Riding the Stang

Riding the Stang was a very old custom which was carried out across Cleveland and North Yorkshire. Richard Blakeborough records witnessing a riding in Guisborough in 1891.  The practice was a form of community justice reserved for wife-beaters.  There were a number of rules to the riding.

1. The culprits name must not be mentioned.

2. The stang must be ridden in three seperate parishes each night

3. The stang-master must knock at the door of the person they were holding up to ridicule and ask for a pocket piece (fourpence).

In preparation for the riding an effigy of straw and old clothes was set in an upright position on a cart along with the stang-master. The villagers armed with pan lids, tin cans and anything that could make a din would then process to the front of the culprits house where the stang-master would recite the following rhyme.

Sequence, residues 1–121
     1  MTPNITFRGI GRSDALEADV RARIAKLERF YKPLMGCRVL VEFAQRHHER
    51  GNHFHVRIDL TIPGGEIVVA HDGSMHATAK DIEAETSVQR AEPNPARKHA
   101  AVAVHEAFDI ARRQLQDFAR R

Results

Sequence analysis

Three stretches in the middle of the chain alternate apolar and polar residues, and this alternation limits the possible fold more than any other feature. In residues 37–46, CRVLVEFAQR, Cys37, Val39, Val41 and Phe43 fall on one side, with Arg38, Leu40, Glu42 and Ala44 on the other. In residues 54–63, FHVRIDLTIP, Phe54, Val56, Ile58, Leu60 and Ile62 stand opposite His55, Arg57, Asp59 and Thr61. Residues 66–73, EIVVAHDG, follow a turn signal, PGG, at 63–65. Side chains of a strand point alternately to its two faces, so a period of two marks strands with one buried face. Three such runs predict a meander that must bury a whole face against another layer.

Ah tinkle, Ah tinkle, Ah tinkle tang,

It’s nut foor your part ner mah part

‘At Ah rahd the stang,

bud foor yan Bill Switch whau his weyfe did bang,

Ah tinkle, Ah tinkle, Ah tinkle tang.

He banged her, he banged her, he banged her indeed,

he banged her, he banged her, afoor sha steead need;

Upstairs aback o’ t’ bed

he sairly brayed her wharl she bled,

Oot o’ t’ hoose on ti t’ green,

Sikan a seeght ez nivver war seen,

Ez neean c’ud think, ez neean c’ud dream.

Sa Ah gat ma a few cumrades

Ti traal ma aboot;

sae it’s hip hurrah, lads,

Set up a gert shoot,

An’ blaw all yer whistles,

Sreeam, rattle an’ bang

All ‘at ivver ya’ve gitten,

Foor Ah ride the stang.

The crowd would then raise a din which Blakeborough describes as a tumult of sound, to which the wildest ravings of Bedlam would seem insignificant. This performance would last for three nights, at the end of the third night the effigy was burnt in front of the culprits house.

Source

Yorkshire Wit, Character, Folklore & Customs

R. Blakeborough. 1911

hand stone

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